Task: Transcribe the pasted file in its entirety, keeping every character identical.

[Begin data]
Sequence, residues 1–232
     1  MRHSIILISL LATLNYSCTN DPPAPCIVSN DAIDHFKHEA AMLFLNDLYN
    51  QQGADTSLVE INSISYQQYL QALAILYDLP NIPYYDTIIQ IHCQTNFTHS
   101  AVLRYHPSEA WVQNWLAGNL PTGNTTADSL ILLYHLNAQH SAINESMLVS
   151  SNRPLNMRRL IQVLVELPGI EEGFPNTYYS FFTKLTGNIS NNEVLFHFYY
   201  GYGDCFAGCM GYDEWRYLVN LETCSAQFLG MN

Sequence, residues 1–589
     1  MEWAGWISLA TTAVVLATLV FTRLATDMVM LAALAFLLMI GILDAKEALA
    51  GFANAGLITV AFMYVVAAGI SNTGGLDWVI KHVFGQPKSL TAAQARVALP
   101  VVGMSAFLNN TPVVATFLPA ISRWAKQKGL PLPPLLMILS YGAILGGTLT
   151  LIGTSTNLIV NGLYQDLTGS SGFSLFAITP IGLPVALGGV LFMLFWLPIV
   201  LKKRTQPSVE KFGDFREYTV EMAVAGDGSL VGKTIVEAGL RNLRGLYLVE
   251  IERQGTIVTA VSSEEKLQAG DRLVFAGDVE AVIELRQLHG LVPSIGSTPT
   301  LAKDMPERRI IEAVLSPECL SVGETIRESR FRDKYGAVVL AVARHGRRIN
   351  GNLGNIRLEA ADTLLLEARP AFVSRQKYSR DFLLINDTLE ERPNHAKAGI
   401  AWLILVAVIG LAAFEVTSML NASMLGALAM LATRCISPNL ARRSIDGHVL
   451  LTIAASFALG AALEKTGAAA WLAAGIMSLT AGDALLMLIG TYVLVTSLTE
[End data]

Sequence, residues 1–232
     1  MRHSIILISL LATLNYSCTN DPPAPCIVSN DAIDHFKHEA AMLFLNDLYN
    51  QQGADTSLVE INSISYQQYL QALAILYDLP NIPYYDTIIQ IHCQTNFTHS
   101  AVLRYHPSEA WVQNWLAGNL PTGNTTADSL ILLYHLNAQH SAINESMLVS
   151  SNRPLNMRRL IQVLVELPGI EEGFPNTYYS FFTKLTGNIS NNEVLFHFYY
   201  GYGDCFAGCM GYDEWRYLVN LETCSAQFLG MN

Sequence, residues 1–589
     1  MEWAGWISLA TTAVVLATLV FTRLATDMVM LAALAFLLMI GILDAKEALA
    51  GFANAGLITV AFMYVVAAGI SNTGGLDWVI KHVFGQPKSL TAAQARVALP
   101  VVGMSAFLNN TPVVATFLPA ISRWAKQKGL PLPPLLMILS YGAILGGTLT
   151  LIGTSTNLIV NGLYQDLTGS SGFSLFAITP IGLPVALGGV LFMLFWLPIV
   201  LKKRTQPSVE KFGDFREYTV EMAVAGDGSL VGKTIVEAGL RNLRGLYLVE
   251  IERQGTIVTA VSSEEKLQAG DRLVFAGDVE AVIELRQLHG LVPSIGSTPT
   301  LAKDMPERRI IEAVLSPECL SVGETIRESR FRDKYGAVVL AVARHGRRIN
   351  GNLGNIRLEA ADTLLLEARP AFVSRQKYSR DFLLINDTLE ERPNHAKAGI
   401  AWLILVAVIG LAAFEVTSML NASMLGALAM LATRCISPNL ARRSIDGHVL
   451  LTIAASFALG AALEKTGAAA WLAAGIMSLT AGDALLMLIG TYVLVTSLTE